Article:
Selecting a Kid Friendly Telescope

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Astronomy for kids can be fun and education at the same time. Peering out into the space is also one of the most exciting experiences that your child can ever have. Gift your child a kidís telescope and let him have a look at Saturnís rings and the moonís craters and see the change in the questions s/he normally asks you about the skies.
One of the biggest mistakes that you can ever make while buying a kidís telescope is to buy it in from a toy shop. If you are serious you do not want a telescope that does not work, which is what you are likely to get from toy shops. A little research will tell you that you can get a good quality beginnerís model at an affordable price.
Still, buying a kidís telescope is not one of the easiest things. You can read telescope reviews online and learn that Meade Telescopes and Celestron Telescopes are among the most popular among advanced as well as kidís telescopes. You may also read promotional material telling you about how powerful a particular telescope model is. But that is not all that is to telescopes. High-power sounds a great thing but powerful telescopes have their limitations as well.

Here are some useful tips for buying a kidís telescope.
- The most important part of a telescope is the lens and the two types of telescopes, refractor and reflector, use different types of lens.
- Refractor telescopes use two lenses; the one that you look through or the eye piece, is known as the ocular lens. At the other end is a larger lens known as the objective. Most kidís telescopes are Ďrefracting lensí that magnify objects with the aid of convex bent glass.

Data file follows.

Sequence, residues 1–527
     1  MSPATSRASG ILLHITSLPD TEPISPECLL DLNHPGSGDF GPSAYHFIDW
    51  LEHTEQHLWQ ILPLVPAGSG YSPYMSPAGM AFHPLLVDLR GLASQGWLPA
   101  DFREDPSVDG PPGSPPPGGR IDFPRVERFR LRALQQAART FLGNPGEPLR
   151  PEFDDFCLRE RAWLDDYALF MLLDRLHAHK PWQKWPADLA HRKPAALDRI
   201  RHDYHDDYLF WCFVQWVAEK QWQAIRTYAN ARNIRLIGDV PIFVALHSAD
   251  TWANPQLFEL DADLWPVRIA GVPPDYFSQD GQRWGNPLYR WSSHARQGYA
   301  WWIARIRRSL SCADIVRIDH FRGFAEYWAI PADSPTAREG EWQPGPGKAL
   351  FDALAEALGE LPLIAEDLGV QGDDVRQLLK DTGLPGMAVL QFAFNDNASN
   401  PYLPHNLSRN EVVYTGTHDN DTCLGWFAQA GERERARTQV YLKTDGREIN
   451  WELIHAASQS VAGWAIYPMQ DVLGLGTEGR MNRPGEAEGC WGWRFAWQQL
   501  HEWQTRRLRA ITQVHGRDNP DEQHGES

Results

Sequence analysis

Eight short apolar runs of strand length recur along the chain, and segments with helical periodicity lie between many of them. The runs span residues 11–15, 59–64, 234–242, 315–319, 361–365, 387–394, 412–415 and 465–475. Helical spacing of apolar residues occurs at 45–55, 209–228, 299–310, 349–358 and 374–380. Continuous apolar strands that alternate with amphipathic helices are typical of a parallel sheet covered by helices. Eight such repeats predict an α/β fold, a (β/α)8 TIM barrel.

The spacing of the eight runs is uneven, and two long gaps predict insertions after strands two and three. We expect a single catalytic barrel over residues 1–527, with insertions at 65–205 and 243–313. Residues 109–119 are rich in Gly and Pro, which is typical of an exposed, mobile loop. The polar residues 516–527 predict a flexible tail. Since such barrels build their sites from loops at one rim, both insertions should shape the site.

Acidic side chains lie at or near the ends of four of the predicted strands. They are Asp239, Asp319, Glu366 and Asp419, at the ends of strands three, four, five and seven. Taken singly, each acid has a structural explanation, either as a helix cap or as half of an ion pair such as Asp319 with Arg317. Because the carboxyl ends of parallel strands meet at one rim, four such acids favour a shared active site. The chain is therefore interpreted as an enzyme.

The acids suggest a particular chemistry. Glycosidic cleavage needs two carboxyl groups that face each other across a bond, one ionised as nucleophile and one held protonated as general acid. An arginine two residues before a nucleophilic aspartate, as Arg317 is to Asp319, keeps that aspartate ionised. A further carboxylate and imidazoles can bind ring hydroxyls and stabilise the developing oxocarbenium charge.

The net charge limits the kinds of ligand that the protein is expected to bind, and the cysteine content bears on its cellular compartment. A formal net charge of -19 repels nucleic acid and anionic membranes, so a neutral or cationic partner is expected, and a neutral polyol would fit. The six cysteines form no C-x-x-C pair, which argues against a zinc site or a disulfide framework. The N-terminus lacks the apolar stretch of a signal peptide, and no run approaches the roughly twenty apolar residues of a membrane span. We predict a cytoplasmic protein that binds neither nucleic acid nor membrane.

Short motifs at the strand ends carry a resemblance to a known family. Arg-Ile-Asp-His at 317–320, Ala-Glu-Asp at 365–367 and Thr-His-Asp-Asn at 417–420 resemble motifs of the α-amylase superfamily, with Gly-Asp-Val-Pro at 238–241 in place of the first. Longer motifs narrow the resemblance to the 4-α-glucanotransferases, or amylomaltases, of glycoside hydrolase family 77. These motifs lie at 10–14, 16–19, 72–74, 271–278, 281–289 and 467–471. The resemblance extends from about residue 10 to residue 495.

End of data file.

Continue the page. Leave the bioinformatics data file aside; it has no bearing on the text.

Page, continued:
- The lens used in reflecting telescopes is a parabolic concave mirror, called the primary, which gathers light at the bottom of the telescope. There are different types of reflecting telescopes depending upon the way the concave lens focuses light.
- The next important thing in a telescope is aperture, which is determined by the diameter of the objective lens in a telescope and the primary lens in a reflector telescope. The ability of the telescope to gather light is directly proportionate to its aperture size

- You also want to know the focal length and the focal ratio of the telescope. The focal length is the distance between the main lens or mirror and the point where the light focuses. Focal ratio is arrived at by dividing aperture size by the focal length. Higher the focal ratio, the better the image.
- The eyepiece is rated by millimeters; the lower the number, the higher the magnifying power. Here again, higher magnification does not necessarily mean the best. It may provide more details but it becomes difficult to keep an object in view. A 25mm eyepiece is ideal for a kidís telescope.
These is general information about what goes in to make a good kidís telescope but it does not mean that you buy the best that you can afford. The following aperture sizes are ideal for a young or novice astronomer.
Ė Refractor Telescopes: 2.4 inch and 3.1 inch
Ė Reflector Telescopes: 4.5 inch and 6 inch
Keep in mind that a higher focal ratio with the same size aperture translates into a longer telescope that may be difficult for the child to handle and carry from one place to another. While we are talking about handling, do not forget to buy a mount for the telescope. A mount is of extreme importance as it facilitates easy viewing.

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